On One Hand

November 3, 2007

Daylight Savings

Filed under: Uncategorized — ononehand @ 11:19 pm

I dreamed of falling in love with a desperate alcoholic, writing song lyrics across each others’ naked bodies by candlelight at 4 a.m. I dreamed of being invited into the back room at the kegger where the cool kids hit cocaine off of a glossy paperback Bible. I dreamed of bragging, dude, I was so fucked up last night, taking a piss behind a tree in the park and falling headlong through the bushes before the guy who would break my heart helped me stuble home.

Not long ago I beleived I’d be spending the entire decade of my 20s as a tortured artist, nursing scars, finding myself lost and lovesick in the arms of someone who only half felt like a partner, puffing cigarettes in dark alleys of New York, Seattle, London, Santa Fe, Chicago…

Now I am 22, and lead the youth group in a Unitarian church. For tomorrow morning’s activity, I bought a bag of 100 daffodill bulbs the kids and I will plant in the church yard. Daffodills. Holy shit.

My weekday routine looks something like this: wake up at nine thirty, grab something to eat, and jog to the gym. An hour later, I’m back home mixing a protein shake and then taking a shower. I water my houseplants, inspect and then rotate them so both sides get some sun. I cook something with tofu and rice and walk to the library where I’ll spend the biggest chunk of my day. I think about the activity I’m planning for the middle school group at Boulder Valley UU fellowship. I go to class, walk home and cook dinner. I call my parents, who I talk to almost every day. I run errands. I call a friend. If I don’t have any more homework, we go to a bar, I buy one drink and then we come home. Otherwise I’m thinking about an article I need to write for Boulder Magazine. I check my email. I watch TV. I grab a book and read for a while before I go to bed.

Without any particular effort, I became so fucking wholesome. And I don’t doubt that this is exactly how I’m supposed to be. I was born this way, loving plants and being a vegetarian health nut who judges each food based on glycemic index and flavanoids. I was born to work in a church, I can’t imagine any organization that shares my work ethic more than a service-based small community. I just didn’t think I’d get to this place so quickly.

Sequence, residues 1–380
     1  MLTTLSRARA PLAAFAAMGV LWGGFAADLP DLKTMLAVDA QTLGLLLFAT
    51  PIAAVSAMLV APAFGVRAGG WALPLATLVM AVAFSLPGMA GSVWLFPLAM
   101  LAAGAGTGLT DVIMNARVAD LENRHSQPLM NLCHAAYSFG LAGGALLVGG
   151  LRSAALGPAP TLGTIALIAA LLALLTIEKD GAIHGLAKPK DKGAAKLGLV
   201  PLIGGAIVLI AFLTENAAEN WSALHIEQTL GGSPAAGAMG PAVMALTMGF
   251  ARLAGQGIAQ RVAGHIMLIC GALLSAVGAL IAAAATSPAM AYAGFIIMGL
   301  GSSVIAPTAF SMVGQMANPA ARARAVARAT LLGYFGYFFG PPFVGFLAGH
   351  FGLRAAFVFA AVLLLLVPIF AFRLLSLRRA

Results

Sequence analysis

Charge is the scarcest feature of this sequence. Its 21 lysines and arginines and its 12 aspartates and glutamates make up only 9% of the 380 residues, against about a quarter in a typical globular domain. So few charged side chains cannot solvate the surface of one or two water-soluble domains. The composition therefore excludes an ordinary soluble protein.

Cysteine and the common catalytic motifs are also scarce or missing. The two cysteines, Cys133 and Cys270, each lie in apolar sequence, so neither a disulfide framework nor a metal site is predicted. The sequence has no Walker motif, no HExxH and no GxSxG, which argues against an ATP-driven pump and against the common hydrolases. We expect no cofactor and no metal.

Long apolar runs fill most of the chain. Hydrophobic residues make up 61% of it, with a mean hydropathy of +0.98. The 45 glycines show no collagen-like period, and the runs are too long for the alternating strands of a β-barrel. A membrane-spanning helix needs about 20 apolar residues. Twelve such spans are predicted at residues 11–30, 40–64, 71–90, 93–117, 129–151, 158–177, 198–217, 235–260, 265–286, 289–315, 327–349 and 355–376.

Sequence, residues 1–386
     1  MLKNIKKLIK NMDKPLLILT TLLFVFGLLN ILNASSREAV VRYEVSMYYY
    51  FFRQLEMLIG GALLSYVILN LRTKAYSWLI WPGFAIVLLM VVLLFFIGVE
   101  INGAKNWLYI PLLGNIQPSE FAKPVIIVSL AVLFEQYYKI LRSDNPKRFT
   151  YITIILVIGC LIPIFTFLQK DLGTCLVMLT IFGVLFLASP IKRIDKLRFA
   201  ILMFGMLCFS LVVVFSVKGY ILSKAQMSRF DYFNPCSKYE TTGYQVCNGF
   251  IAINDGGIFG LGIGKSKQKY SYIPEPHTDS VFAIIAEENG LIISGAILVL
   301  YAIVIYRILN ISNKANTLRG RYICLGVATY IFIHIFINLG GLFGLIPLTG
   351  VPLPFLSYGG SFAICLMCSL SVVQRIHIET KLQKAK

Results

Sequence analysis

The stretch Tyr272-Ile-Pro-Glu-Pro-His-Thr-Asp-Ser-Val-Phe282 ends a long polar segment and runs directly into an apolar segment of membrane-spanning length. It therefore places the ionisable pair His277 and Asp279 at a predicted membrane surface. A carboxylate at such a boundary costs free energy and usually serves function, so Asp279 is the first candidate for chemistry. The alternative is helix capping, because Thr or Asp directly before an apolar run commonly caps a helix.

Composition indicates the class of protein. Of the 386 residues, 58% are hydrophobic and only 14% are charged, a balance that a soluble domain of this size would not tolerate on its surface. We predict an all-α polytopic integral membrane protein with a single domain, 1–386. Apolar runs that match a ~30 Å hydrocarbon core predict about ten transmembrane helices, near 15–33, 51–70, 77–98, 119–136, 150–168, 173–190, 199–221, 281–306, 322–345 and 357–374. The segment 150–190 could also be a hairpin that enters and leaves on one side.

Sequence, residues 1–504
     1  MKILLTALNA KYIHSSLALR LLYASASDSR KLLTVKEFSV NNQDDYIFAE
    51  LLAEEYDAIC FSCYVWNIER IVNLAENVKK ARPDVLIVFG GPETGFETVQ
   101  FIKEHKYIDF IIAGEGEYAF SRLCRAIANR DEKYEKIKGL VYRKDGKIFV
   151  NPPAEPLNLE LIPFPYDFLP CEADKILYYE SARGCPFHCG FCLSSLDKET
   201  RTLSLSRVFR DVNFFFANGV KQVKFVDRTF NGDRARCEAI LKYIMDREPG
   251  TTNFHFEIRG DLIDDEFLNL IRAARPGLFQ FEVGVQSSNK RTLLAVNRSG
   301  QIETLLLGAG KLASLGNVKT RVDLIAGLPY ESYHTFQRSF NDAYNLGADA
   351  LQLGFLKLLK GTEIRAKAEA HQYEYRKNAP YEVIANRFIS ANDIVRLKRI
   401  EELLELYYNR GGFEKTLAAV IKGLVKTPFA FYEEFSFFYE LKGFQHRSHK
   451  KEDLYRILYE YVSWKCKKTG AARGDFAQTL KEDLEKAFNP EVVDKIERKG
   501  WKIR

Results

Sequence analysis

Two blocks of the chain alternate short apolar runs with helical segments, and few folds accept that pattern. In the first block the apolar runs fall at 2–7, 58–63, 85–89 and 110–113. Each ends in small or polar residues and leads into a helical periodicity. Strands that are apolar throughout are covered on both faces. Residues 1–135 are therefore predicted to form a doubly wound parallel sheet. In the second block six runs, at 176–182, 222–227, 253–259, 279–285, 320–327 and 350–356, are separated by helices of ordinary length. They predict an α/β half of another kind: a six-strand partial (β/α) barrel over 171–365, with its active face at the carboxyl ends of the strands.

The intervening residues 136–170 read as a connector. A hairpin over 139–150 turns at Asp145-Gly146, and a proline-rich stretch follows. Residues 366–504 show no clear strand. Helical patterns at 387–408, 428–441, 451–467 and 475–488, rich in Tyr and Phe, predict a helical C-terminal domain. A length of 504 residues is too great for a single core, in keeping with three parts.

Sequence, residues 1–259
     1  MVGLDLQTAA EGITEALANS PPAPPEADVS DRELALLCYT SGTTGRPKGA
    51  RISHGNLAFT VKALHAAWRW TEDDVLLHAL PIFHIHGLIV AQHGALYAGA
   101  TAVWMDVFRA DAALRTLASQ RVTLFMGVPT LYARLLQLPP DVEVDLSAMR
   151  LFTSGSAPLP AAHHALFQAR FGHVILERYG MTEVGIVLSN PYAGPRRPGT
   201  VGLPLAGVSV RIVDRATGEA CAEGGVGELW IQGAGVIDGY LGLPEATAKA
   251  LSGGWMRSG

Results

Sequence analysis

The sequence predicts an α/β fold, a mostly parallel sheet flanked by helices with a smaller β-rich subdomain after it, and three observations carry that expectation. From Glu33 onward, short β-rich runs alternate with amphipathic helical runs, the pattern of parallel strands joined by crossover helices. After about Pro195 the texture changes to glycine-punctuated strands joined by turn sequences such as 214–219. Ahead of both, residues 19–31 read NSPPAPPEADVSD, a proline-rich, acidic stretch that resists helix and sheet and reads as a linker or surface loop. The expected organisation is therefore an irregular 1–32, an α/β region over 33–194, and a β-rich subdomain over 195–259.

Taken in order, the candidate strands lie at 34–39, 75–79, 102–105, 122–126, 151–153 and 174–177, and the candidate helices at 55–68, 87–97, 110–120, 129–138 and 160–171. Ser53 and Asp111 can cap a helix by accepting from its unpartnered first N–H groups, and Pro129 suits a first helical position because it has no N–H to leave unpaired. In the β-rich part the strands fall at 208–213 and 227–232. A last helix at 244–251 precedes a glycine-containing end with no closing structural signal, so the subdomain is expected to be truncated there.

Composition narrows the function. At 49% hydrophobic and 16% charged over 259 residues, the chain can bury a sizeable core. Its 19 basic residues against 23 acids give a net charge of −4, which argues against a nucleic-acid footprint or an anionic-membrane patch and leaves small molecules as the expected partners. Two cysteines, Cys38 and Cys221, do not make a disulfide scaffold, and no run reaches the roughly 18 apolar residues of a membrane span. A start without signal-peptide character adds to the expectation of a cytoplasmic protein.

When I was a kid I had my hands dirty every day, planting seeds, digging for worms, catching crickets, climbing trees. It took a few heartbreaks to learn that it’s the thing that feeds me. I’ve said many times that I think that human beings are fulfilled by taking care of something. I’d been taking care of hopeless causes for years, and I came to realize that I needed something I could actually see some change in. I got some plants. It started with pineapple tops, avocado seeds and then shamrocks I dug up from the yard. Tomatoes and zuchinnis, zinias, marigolds, ginger roots, spider plants, wandering jews, pumpkins, african violets and aloe. I spend the first hours of each day just looking at the plants in the window, caring for them. The next time I fell in love with a human, it was the first time I thought someone really saw where my heart was. It was the first time someone’s compliments actually felt complimentary. It didn’t last, but it was the first time I knew such things were real.

After all that I got an email that a church was looking for someone to work with the youth. I never made a choice to apply. I was sending my resume everywhere, so I sent one to the church too. I didn’t think I’d get the job. Then I went in for an interview and they told me I got it. I met the kids and I liked them a lot. It was what came to me. There was never a choice; saying yes was only second nature; I was on a path, and that’s where the path took me.

So much for finding the desperate alcoholic. He was always temporary. I feel like I’m still so young, but already looking to figure out the rest of my life. My period of sewing wild oats lasted three years, and the oat fields, always small and tame, have succumbed to the onslaught of tomatoes and pumpkin vines, dasies and sunflowers, and under the upright oak tree in the middle is a heaping growth of bleeding hearts, the shady the trail of stepping-stones marked by creeping impatients and begonias.


  1. Personally, I think you’re an inspiration!

    Comment by jennafern — November 4, 2007 @ 3:44 pm | Reply

  2. The other night I confused a Chinese food delivery driver with you. I saw him walking away from my house when I was getting home and in the dark he looked kind of like you. I asked him how he was doing and what he was doing over at our place and I think I really confused the poor guy! He said something like “Ummmmm, I’m just delivering food…?” It was funny after it stopped being awkward.

    Comment by callmeweirdbut — November 4, 2007 @ 9:37 pm | Reply

  3. That’s great, thanks.

    Comment by ononehand — November 13, 2007 @ 7:46 pm | Reply

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